We view the matter somewhat differently, guided by case authority arising after Bell. Subsequent to the Bell decision, the United States Supreme Court decided Automobile Workers v. Johnson Controls, Inc. (1991) 499 U.S. 187, 111 S.Ct. 1196, 113 L.Ed.2d 158.   At issue in Johnson Controls was a company “fetus protection” policy that prohibited all fertile female employees from working in jobs with high exposure to lead.   Males and sterilized females were employed in these jobs, and their blood lead content was closely monitored to prevent undue concentrations of the blood toxin.  (499 U.S. at p. 192, 111 S.Ct. at p. 1200.)   The court held that this policy constituted illegal sex discrimination in employment in violation of title VII of the Civil Rights Act of 1964, as amended by the Pregnancy Discrimination Act (PDA).  (499 U.S. at pp. 206–207, 111 S.Ct. at p. 1207.)   It is the dicta following this holding that is relevant to the present case:

“A word about tort liability and the increased cost of fertile women in the workplace is perhaps necessary.…  [¶ ] More than 40 States currently recognize a right to recover for a prenatal injury based either on negligence or on wrongful death.…  Without negligence, it would be difficult for a court to find liability on the part of the employer.   If, under general tort principles, Title VII bans sex-specific fetal-protection policies, the employer fully informs the woman of the risk, and the employer has not acted negligently, the basis for holding an employer liable seems remote at best.   [¶] … [T]he specter of an award of damages [for injury to a child before it is born] reflects a fear that hiring fertile women will cost more.   The extra cost of employing members of one sex, however, does not provide an affirmative Title VII defense for a discriminatory refusal to hire members of that gender.…  Indeed, in passing the PDA, Congress considered at length the considerable cost of providing equal treatment of pregnancy and related conditions, but made the ‘decision to forbid special treatment of pregnancy despite the social costs associated therewith.’ ”  (499 U.S. at pp. 208–210, 111 S.Ct. at pp. 1208–1209.)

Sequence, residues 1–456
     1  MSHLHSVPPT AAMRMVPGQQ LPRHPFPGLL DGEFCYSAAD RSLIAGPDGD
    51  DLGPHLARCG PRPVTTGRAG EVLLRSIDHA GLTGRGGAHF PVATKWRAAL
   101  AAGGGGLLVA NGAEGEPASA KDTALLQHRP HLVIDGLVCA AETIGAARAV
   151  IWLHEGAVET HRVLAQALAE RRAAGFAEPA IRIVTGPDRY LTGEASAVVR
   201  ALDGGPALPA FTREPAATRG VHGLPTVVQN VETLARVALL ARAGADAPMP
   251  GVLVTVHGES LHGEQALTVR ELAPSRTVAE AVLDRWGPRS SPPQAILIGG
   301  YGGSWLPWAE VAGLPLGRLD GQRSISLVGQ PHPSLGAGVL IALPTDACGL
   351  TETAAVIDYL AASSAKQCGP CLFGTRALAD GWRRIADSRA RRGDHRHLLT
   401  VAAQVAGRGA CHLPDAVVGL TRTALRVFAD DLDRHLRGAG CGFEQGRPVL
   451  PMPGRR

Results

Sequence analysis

California has made a fundamental choice that in utero injuries sustained by a child subsequently born alive shall be compensated in the same manner as injuries to living persons.  (Civ.Code, § 43.1)  Of course, California also follows a general rule of liability for negligent acts which injure others.   Until and unless the Legislature determines that the social cost of in utero injury to children is to be borne entirely by the child, and not by the wrongdoer, we believe it would constitute unwarranted judicial activism to read such a policy into the Workers' Compensation Act.7

 An employer is not entitled to discharge or otherwise discriminate against an employee simply because she is pregnant, so long as she can adequately perform her work.  (Johnson Controls, supra, 499 U.S. at p. 206, 111 S.Ct. at p. 1207.)   We see no viable public policy implicit but unstated in the workers' compensation law that would permit the same employer to negligently injure the unborn child of such an employee without being held responsible in tort for its negligent actions.

 The complaint in the present case does not allege any disabling injury to Naomi.   Rather, it alleges direct injury to Mikayla as a result of the employer's negligent contamination of the air inside its store.   As such, the complaint states a cause of action that is not barred by the Workers' Compensation Act.   Similarly, the complaint states a viable cause of action for the parents' increased costs of rearing Mikayla.   The cause of action for Naomi's emotional distress is barred, however, since that injury arises directly from Naomi's employment.